Back pain is a major problem. Not only does it result in lost worker productivity, it also can lead to opioid dependence and abuse. As a result, healthcare professionals and other researchers are seeking alternatives to medication as a way to treat chronic pain.

Five companies are working together on a major collaboration in this area. Travelers Companies, Cedars-Sinai, Samsung Electronics America, Bayer, and applied VR have launched a 16-month clinical research project to explore the use of virtual reality (VR) along with other non-pharmaceutical treatments for chronic back pain. The trial will rely on a Samsung Gear VR headset, using Oculus technology, along with an Aleve TENS unit and biosensors from applied VR. The system will deliver pain management content to the subjects, and will monitor their daily activities, productivity, and pain medication consumption. The study hopes to enroll 90 to 140 subjects, aged 18 to 65.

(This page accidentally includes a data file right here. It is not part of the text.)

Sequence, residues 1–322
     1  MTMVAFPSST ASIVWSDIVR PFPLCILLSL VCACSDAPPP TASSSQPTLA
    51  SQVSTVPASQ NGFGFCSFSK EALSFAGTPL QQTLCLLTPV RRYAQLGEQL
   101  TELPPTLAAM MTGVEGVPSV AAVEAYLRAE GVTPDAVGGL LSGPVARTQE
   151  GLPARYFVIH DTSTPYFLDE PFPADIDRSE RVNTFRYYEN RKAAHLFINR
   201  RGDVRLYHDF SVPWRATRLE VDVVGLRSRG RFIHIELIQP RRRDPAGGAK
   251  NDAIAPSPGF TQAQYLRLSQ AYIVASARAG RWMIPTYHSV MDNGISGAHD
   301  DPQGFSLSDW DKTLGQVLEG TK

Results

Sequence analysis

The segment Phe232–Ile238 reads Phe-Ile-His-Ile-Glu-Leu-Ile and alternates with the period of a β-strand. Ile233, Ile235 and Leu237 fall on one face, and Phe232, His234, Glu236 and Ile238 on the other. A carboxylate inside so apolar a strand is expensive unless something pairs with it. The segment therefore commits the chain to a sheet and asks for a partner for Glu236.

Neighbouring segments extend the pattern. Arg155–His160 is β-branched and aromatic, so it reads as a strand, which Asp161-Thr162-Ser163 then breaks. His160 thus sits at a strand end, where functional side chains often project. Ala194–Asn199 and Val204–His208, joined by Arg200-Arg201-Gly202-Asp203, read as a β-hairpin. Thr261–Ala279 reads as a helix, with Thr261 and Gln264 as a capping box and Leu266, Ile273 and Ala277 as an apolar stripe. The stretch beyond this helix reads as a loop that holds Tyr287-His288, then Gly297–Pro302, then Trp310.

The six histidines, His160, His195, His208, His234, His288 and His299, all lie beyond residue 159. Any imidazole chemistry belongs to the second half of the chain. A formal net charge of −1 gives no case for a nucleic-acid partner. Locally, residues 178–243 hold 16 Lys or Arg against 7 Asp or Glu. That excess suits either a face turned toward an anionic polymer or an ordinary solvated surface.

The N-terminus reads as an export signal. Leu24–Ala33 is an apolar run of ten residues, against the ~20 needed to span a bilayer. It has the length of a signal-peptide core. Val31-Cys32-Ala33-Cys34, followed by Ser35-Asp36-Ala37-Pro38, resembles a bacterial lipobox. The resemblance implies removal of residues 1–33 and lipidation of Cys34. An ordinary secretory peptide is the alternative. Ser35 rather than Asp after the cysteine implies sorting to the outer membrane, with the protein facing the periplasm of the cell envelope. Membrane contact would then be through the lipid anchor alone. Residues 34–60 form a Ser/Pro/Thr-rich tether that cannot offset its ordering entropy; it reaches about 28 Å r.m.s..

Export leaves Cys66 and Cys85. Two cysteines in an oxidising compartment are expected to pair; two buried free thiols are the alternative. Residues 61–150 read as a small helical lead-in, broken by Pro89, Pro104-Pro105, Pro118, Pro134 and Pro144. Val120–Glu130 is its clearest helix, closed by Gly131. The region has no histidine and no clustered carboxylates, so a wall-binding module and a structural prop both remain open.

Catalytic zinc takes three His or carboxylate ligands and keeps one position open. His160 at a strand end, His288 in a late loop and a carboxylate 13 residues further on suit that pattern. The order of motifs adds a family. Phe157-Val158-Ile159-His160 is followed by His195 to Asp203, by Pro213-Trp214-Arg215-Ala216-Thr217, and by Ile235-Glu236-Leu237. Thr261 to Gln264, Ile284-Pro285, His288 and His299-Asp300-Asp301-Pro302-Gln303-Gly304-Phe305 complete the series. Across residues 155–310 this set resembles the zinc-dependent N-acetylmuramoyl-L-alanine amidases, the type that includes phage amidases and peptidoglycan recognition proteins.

In order for wearable technology to become an accepted alternative for monitoring and treating chronic conditions such as back pain, we will need serious studies that can provide solid evidence of whether or not these approaches are effective. This collaboration between many companies signals the industry’s interest in providing hard evidence that can help convince healthcare professionals that these alternative treatments have merit.